Councilmen David Alvarez and Todd Gloria opposed moving forward with crafting of the final ballot language. Alvarez said Rebuild San Diego falls short of what they city could accomplish in the next five years. Gloria said the proposal would not solve the infrastructure problem and would lock up the general fund — which pays for basic city services like public safety and libraries —  for decades.


California State University San Marcos Zipcar

California State University San Marcos Zipcar

Cal State San Marcos to Launch

New Car-Sharing Program with Zipcar

California State University San Marcos will launch a new car-sharing program on Thursday using Zipcar, a national car-sharing agency.

Zipcar will station two cars in designated parking spots in the university’s parking structure — a Ford C-Max Hybrid and a Nissan Versa. They can be reserved through the Zipcar app or the Zipcar website (

The university says the cars are an especially convenient option for residential and international students without vehicles, as well as for transit commuters who want to run errands during the day. All 18 and older CSUSM students, and 21and older faculty, staff and community members who have a valid driver’s license are eligible to register for a Zipcar membership.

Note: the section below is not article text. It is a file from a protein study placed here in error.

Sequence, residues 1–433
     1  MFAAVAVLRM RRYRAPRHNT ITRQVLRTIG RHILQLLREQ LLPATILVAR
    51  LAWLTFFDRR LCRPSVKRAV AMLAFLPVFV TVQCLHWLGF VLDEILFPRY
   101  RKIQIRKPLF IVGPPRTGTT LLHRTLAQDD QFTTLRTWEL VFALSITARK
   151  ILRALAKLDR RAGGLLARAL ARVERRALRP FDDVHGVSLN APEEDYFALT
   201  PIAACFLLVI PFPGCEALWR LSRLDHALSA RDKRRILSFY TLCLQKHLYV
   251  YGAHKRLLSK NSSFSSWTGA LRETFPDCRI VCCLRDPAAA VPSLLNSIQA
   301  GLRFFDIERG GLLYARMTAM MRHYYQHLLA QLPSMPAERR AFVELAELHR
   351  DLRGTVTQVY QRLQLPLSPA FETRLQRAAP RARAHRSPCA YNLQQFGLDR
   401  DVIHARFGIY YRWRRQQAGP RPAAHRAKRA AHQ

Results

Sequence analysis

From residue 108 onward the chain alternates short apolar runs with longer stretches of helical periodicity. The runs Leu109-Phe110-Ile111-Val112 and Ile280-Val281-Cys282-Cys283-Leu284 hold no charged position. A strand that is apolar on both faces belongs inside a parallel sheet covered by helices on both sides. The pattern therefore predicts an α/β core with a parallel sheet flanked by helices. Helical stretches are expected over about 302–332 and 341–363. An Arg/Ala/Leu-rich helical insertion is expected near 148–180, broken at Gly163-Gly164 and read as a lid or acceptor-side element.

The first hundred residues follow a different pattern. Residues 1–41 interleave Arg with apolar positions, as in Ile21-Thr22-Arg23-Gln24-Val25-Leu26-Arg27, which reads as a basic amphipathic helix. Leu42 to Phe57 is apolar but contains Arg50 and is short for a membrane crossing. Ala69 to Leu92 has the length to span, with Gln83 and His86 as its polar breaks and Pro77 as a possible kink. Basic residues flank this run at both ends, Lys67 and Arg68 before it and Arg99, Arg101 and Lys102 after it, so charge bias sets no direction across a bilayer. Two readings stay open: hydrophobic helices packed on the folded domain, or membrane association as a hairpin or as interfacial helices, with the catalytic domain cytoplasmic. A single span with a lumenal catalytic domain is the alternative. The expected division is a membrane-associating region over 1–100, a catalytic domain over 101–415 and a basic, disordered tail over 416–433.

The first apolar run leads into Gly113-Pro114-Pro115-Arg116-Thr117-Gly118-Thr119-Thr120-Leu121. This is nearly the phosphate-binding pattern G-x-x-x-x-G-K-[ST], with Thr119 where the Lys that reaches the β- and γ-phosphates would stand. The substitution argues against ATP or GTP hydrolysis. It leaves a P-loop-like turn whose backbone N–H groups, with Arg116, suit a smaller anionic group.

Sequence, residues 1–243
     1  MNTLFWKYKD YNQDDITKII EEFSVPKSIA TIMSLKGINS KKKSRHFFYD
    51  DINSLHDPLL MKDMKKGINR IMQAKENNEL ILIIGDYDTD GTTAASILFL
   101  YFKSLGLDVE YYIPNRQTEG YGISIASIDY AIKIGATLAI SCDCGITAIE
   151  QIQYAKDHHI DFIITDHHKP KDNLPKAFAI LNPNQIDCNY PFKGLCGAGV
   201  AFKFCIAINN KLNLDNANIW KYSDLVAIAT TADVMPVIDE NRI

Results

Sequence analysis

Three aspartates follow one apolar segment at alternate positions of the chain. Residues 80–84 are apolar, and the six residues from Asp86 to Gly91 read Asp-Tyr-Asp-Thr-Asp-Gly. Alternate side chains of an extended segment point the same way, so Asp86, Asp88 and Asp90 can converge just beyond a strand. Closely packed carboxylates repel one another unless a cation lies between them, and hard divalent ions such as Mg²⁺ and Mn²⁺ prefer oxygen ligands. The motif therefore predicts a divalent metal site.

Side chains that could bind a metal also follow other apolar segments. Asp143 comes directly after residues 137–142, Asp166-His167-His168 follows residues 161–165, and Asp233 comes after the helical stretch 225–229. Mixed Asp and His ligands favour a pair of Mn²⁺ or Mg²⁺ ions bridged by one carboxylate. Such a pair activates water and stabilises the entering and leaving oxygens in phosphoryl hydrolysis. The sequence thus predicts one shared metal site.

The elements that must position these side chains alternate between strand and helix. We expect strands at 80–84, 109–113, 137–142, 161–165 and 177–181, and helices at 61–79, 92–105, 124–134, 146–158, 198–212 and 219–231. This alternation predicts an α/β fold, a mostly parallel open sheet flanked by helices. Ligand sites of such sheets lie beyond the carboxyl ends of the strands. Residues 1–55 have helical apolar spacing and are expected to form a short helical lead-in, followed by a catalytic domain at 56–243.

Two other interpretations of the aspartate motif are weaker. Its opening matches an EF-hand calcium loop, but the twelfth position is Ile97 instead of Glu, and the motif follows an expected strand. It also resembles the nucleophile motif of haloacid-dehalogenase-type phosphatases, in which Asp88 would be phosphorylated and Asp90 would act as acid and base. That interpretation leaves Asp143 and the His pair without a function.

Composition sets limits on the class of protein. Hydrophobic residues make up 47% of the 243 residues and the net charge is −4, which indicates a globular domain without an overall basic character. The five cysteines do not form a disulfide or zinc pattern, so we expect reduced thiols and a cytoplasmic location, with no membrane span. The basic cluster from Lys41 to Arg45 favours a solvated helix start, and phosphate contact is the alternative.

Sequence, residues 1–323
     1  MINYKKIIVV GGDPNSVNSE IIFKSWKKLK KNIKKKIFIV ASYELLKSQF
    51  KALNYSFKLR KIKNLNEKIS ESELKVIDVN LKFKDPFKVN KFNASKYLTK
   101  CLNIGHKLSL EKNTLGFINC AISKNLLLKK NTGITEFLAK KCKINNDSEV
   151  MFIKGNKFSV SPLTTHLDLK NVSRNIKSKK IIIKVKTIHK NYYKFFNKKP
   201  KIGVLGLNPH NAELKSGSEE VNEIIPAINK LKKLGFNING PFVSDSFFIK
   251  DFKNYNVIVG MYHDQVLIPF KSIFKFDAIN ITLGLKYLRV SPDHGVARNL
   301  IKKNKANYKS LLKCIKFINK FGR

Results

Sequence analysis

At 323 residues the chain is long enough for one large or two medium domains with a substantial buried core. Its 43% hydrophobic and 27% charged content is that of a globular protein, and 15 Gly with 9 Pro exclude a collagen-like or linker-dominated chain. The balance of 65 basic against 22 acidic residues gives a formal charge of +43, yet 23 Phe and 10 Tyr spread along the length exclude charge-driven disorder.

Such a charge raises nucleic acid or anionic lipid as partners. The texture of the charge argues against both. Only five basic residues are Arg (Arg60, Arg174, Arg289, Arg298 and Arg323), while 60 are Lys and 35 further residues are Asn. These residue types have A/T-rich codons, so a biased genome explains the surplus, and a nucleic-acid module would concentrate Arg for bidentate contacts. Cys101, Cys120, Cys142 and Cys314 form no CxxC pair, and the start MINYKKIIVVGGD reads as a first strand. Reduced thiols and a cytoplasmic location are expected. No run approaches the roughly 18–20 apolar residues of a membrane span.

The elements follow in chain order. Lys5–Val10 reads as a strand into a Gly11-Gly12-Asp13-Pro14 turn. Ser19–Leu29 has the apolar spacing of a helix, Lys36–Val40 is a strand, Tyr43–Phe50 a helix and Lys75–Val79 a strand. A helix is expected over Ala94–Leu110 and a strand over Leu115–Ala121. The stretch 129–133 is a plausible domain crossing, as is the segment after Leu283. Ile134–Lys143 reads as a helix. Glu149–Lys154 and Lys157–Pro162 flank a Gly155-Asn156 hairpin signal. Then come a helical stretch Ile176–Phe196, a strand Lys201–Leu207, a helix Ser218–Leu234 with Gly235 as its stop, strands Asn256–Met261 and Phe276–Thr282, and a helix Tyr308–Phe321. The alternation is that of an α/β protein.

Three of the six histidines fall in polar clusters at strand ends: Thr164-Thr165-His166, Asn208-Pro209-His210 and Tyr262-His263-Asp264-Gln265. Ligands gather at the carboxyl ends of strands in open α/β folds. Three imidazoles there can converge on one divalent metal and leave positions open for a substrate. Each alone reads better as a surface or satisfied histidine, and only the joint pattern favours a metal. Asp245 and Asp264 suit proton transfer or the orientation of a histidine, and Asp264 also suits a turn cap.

CSUSM students, faculty and staff can join Zipcar for $15, with rates starting as low as $7.50 per hour and $69 per day. Gas, insurance, and up to 180 miles of driving per day are included, and cars can be reserved for as little as an hour or for multiple days.

The launch event will be Thursday from noon to 1 p.m. in University Plaza on campus.


City and Zipcar Formalize 5-Year

Agreement for Car-Sharing Program

City News Service

A five-year agreement between the city of San Diego and Zipcar for expansion of a car-sharing program was approved Tuesday by the City Council.

The agreement formalizes a relationship between the city and Zipcar, a subsidiary of Avis Budget Group that’s been operating locally for two years.

Car sharing through Zipcar and car2go, which previously reached an agreement with the city, has proven to be popular in Downtown San Diego, and officials hope to expand it into other areas where low-income residents can take advantage of the program.